Hagerty’s Guide to Modern and Classic Cars Set to Increase in Value in 2022

Hagerty's Guide to Modern and Classic Cars Set to Increase in Value in 2022

Hagerty, the Classic car Insurance specialists, has announced their selection of the top ten cars performing strongly in the sales arena. The choices are a mix of modern classics and historically desirable vehicles. Jeremy Webb takes you through the eclectic mix.

The Valuation team at Hagerty Insurance looked at two criteria to come up with their choice of Ten vehicles. Insurance quotes and policies were calculated as an indicator of demand for a specific model, and Hagerty analysed market valuation data for one level below Concours standard known as #2*. The company hope their guide will help you avoid buying a car that will depreciate.

I will tell you about a few of the ten Hagerty has chosen in no particular order, and to my eyes, there are a few surprises.

A 1999 Porsche Boxster being driven at speed

A favourite of mine and a car I would love to own is the Porsche Boxster, and Hagerty has chosen the 1996–2004 models to keep an eye on. Seeing that you can obtain a good condition model for around two grand, I will certainly be scanning the auction sites.

Boxster (a mix of Boxer and Speedster), and when launched, it was the entry model that allowed Porsche enthusiasts to obtain one. Porsche’s customer base rose significantly in 1996, and the owners considered it a better drive than the famous 911. It is a car you can use daily for all types of driving, be it commuting or haring around B roads.

The Boxster has a boot and a ‘frunk’ (front trunk), so you can pack a fair number of bags for weekend escapes. The heart of the Boxster is the superb flat-six engine. As you would expect from a Porsche, the driving experience is impressive with the glorious power and immaculate handling.

1999 Porsche Boxster 2.5

  • Engine: 6-cyl boxer, 2480cc
  • Transmission: 5-speed manual, RWD
  • Power: 204bhp @ 6000rpm
  • Weight: 1250kg

Hagerty Price Guide range, Fair to Concours: £4,875 to £12,650

The Boxster is an increasingly familiar sight at auction in the UK. In 2017, fewer than 50 were sold that way, but in 2021 that number was nearly 150 sales. The sell-through rate sits at 89 per cent, too, indicating that the original 986 Boxster has found its place with the modern-classic crowd.

If you want a useable car and turn-key reliability that is exciting to drive with the roof down and flat-six singing, the Boxster is for you. Average values have risen 5.3 per cent since mid-2019, a further reflection of its popularity. Many adverts exceed the top Price Guide value – usually a marker of a model increasing in value.

A Red triumph TR6 being driven at speed

I loved this next car many moons ago when I was growing up, and I still want to drive the  Triumph TR6 produced 1969–1976.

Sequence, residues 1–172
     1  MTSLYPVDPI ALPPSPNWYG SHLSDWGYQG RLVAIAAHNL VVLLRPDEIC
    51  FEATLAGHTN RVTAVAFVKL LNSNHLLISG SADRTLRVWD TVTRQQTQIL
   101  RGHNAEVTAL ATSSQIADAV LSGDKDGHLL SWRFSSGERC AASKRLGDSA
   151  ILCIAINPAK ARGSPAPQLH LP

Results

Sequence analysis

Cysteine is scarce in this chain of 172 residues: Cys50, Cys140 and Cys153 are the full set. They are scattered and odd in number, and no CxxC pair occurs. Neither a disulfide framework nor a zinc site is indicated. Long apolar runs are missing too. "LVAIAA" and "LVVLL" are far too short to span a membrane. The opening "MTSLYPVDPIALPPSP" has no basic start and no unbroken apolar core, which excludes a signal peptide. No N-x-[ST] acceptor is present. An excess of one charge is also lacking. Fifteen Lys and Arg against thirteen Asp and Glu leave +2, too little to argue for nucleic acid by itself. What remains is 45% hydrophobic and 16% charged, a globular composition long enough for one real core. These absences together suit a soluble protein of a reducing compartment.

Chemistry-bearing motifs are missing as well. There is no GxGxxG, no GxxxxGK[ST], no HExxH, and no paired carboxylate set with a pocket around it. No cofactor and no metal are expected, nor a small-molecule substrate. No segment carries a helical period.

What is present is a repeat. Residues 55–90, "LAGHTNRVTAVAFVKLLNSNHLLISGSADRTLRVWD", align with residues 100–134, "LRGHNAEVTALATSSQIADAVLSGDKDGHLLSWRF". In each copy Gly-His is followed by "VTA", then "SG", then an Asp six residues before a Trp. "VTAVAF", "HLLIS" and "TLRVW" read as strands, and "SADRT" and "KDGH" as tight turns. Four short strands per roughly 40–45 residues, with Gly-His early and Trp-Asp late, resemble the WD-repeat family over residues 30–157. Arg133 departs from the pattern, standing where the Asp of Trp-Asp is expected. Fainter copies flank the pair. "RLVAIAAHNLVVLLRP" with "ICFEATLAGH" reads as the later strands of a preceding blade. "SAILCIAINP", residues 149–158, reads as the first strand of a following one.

The Triumph TR4 and TR5, styled by Italy’s Michelotti design house, had curves, but the German company Karmann reshaped the 1969 TR6, straightening the lines, making the nose and tail vertical.

It has a noisy, sporty note that you’d only ever get from a sports car of the TR6’s era. Triumph wanted it to sound meaty as you pulled up to an E-Type, gave them a nod and set off from the lights in a drag race.

The TR6 is not rare, with over 8000 sold and 5000-plus are recorded with the DVLA in circulation and use. That means there’s a TR6 for most budgets, and you can afford to be choosy. Don’t rush into a purchase and look at as many as you can. Rust can be a severe issue, especially on chassis, and if it takes grip around areas like the suspension mounting points and the differential pick-up points.

1972 Triumph TR6

  • Engine: straight-six, 2498cc
  • Transmission: 4-speed overdrive manual, RWD
  • Power: 150bhp @ 5500rpm
  • Weight: 1130kg

Hagerty Price Guide range, Fair to Concours: £6200 to £31,000

Hagerty’s Price Guide shows values have increased by an average of nearly 13 per cent over the last 24 months. The previous 12 months saw a fall of five per cent; regardless of this, with sell-through rates of 82 per cent, the TR6 seems a sound investment at auction.

1998–2002 Maserati 3200 GT

The other vehicles that appear in Hagerty’s ten to watch are two iconic Italian Marques with a 2010–2015 Ferrari 458 Italia, Hagerty Price Guide range, Fair to Concours: £104,000 to £200,000, and the 1998–2002 Maserati 3200 GT £8900 to £26,650

Two British classics next from two different eras of motoring. The 1939–1940 MG TB has a range guide of £25,200 to £59,900, and a modern classic, the 2001–2006 Mini Cooper £900 to £6650.

An E registration Renault 4 by the sea

Something unusual but French cars are growing in popularity is the 1961–1994 Renault 4L. Hagerty Price Guide range, Fair to Concours: £2800 to £8400. The Renault 4 was produced in vast quantities, but it’s a rare find at auction in the UK. If you fancy one, they are easily obtained abroad, and they are doing well for investment. Over the past 12 months, values have increased seven per cent and 39 per cent over the last two years.

A Renault Clio Williams with gold alloys on the track

Next up two completely different cars, the highly desirable Hot Hatch 1993–1995 Renault Clio Williams that has a guide range of £8400 to £24,267 and the 1977–1986 Rolls-Royce Camargue £25,000 to £70,000.

A classic VW T25 camper

The final vehicle was a bit of a surprise to me as I personally would not consider it to be iconic or a classic. Living on England’s south coast, I regularly see them driving around, usually with surfboards and bikes on the roofs. It is the 1979–2002 Volkswagen T3/T25 camper with a Hagerty Price Guide range, Fair to Concours: £5600 to £23750

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